What really showed Kit to greatest advantage, on the return cycle back to Vernon, was that one of the group had a significant puncture (the cartoon kind where the rubber goes flat as a pancake in a matter of seconds) and, quickly assessing this to be too far gone to repair en route, he swapped bikes without a moment’s hesitation. He then cycled what must have been at least a couple of miles, against the considerable resistance of a dragging rear wheel that was down to the metal, in the extremely hot afternoon sun, whilst still keeping the group rallied and well-organised from the rear – quite a feat all round and testament to a far fitter pair of cycling legs than I currently have!Much as it had been on the way there, the train carriage was filled with lighthearted chat and joie de vive; perhaps even more so than on the outward journey, filled to the brim as we were with sunshine and laughter and Monet’s wonderful garden. There was also quite a bit of tiredness thrown in and a general consensus that we were all thoroughly looking forward to a beer / glass of wine and very much FOOD after our exertions.For our own part, it was a case of grabbing a quick shower and heading straight out for a pizza at the restaurant that was (thankfully) just a few steps away from our hotel on what was to be our last evening in Paris before continuing on to Alsace. Tired as we were, we were in extremely high spirits – Paris had been wonderful and Giverny had exceeded all of our expectations and that was, in no small part, because of our mode of getting there – by bike! It was easy to imagine that the experience could have been very different indeed if we had simply piled out of a hot tour coach into those same gardens, as we saw so many people doing, and it is the memory of cycling along the Seine, of that picnic and whizzing past all those Normandy hedgerows, ringing bicycle bells and throwing our heads back in raucous laughter that has lived on most vividly for this past few months and will, no doubt, continue to do so for a very long time.So, a full ten out of ten as a tourist but how did Giverny inspire me as an artist?

The Giverny Series

When I visited Giverny, the painter in me hardly considered whether it was my intention to paint what I saw, though I took countless photographs when I was there and you just have to look at my most recent work to see that garden and water-themes have dominated my output over the past twelve months. I’ve certainly painted well-known and artist-related gardens before: West Green garden in Hampshire and the garden of Charleston Farmhouse(home to the Bloomsbury set) in Sussex amongst them. Even then, its something I always hesitate to do as the inevitable invitation to comparison that this sends out to the world, when the garden has been immortalised by one or maybe even several ‘well-known’ artists, can be extremely off-putting and make the attempt seem a little cliché.

Painting Giverny was something I came back to, as the tiniest germ of an idea, when I started processing my way through the numerous photographs I’d taken (which wasn’t until the Spring of this year). To start with, painting these views seemed unlikely; the lighting was all wrong and none of the photographs had the kind of subtlety or sudden radiance against dark that I love to work with; August light, in the middle of a very bright and sunny day is, usually, the very last thing I would work from…even without all the people that were walking through so many of my views.Yet, as I mentioned above, the fact I was forced to point my lens towards the surface of the water to avoid random arms, legs and hats, worked entirely to my advantage as I started to notice how much colour reflected in water, from these extraordinary colourful gardens, I had managed to capture. Already like paint-brush daubs or swirls of colour rippled, layered and patterned onto the surface of the pond, I found myself itching to get painting some of these zoomed-in shots.Selecting five of my favourite details of the pond’s surface, zoomed right in to consider just a tiny portion of a much larger frame and, generally, taking these out of any context (though a couple of studies included trees or overhanging foliage)  – in other words, taken to the level where they became almost abstract –  I pinned these up where I could see them and began to paint onto small, deep-edged canvases. I found myself working extremely rapidly and fluidly…the subject-matter demanding of me that I put on hold my usual tendency to pace myself and work in many layers or to to be painstaking but, rather, working with the liquidity of oils thinned far more than usual, using fingers as much as brushes, playing with it all.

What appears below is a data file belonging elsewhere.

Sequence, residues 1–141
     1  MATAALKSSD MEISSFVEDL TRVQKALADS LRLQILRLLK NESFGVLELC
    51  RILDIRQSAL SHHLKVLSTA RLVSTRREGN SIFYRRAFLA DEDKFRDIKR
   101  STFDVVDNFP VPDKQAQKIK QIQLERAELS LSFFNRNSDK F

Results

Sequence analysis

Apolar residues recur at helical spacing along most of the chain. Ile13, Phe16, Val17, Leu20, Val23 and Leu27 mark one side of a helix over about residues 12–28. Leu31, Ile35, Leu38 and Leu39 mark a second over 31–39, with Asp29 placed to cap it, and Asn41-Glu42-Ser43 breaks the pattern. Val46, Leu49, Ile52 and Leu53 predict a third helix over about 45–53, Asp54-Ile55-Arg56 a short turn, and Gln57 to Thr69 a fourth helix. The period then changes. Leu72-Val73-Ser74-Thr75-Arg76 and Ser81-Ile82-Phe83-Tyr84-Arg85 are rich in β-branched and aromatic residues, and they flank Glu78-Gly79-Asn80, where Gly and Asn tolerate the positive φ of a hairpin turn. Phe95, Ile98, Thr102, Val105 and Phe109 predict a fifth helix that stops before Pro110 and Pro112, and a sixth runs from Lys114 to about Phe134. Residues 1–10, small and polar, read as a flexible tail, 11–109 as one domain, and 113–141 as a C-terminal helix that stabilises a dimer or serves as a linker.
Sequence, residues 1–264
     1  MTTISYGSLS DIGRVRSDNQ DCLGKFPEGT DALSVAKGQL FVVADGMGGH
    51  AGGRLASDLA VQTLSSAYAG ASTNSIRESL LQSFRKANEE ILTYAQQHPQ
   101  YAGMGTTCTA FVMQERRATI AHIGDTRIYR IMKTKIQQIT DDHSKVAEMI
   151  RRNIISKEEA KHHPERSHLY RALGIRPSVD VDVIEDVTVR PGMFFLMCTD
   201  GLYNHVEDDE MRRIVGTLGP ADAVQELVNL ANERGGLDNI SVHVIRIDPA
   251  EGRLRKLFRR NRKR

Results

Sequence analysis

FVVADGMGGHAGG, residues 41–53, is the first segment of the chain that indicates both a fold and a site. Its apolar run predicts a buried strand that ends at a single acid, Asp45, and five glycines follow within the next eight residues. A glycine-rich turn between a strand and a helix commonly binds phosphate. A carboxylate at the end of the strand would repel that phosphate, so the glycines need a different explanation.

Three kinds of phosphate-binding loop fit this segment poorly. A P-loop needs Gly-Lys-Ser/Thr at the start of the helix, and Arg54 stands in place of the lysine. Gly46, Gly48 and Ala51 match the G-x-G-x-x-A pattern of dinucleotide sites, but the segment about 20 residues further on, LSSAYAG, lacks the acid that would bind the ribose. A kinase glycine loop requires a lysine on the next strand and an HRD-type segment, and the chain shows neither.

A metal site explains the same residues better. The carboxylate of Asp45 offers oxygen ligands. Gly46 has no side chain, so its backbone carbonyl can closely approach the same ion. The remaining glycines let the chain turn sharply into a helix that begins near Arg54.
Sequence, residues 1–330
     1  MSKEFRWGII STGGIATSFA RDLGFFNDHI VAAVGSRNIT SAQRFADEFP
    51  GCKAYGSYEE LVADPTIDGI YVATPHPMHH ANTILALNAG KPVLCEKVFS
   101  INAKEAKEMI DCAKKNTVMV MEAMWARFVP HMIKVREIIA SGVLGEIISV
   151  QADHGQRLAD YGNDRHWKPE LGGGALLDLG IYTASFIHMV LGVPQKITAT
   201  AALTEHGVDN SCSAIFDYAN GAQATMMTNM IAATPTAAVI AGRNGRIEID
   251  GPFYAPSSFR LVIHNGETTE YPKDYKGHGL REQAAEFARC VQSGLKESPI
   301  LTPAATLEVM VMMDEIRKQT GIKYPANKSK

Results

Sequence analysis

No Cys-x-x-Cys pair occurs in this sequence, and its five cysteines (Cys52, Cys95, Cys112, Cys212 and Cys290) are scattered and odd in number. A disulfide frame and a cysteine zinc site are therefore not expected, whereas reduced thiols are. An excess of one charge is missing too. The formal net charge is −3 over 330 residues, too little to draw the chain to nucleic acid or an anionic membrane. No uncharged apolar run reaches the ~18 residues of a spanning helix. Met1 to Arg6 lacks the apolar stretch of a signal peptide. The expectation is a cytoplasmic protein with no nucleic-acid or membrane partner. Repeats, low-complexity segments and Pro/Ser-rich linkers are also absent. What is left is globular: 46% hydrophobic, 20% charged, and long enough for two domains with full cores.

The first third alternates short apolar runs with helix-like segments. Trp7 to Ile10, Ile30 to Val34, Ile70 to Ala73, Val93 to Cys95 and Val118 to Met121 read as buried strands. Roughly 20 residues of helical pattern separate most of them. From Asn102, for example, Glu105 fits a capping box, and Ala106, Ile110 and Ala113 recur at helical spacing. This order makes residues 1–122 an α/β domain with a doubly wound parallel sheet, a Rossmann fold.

The first coat of all five was done so quickly, all in one session and I allowed these to dry completely.  One more session to add depth and some detail brought them all to a conclusion where I knew I’d captured something of the very essence of Giverny – both as I had always imagined it for all those years of longing to go there, knowing it only through Monet’s paintings, and the reality that I experienced that day with my eyes cast down to where the view was least uninterrupted and most tranquil.What took me aback was how much the finished results reminded me of Monet’s style, for all this was completely unintentional – inviting me to wonder, was this the inevitable effect the subject-matter had on me, just as it had informed the evolution of Monet’s own approach to his subject as he returned to it over and over again,  or had there been a sub-conscious tug towards painting in this style because of the place-association? Ultimately, there’s no way of knowing either way and it matters not why ‘the Monet’ was brought out in me when I painted this series. You simply can’t take Monet out of the place nor, in reality, can you paint the surface of a pond or lake anywhere without inviting comparison with, or at least passing thought of, Monet – such is the cultural impact he made on every artist to come afterwards; and that, in a nutshell, is why I always wanted to go to Giverny and ‘feel into’ the place where he made art history!The finished result (see wall of images below) is a series of deep-sided square canvases called The Giverny Series, which come as a unit to be hung together, consisting of five very different, extremely colourful, studies of light and reflection on the water on an extremely bright August day spent in Monet’s garden.

About Helen White

An artist on a journey towards health, balance, personal growth and enlightenment, the unifying theme being a desire to ‘scatter the light’ – to capture moments of radiance, light and deeper understanding in order to share them with others.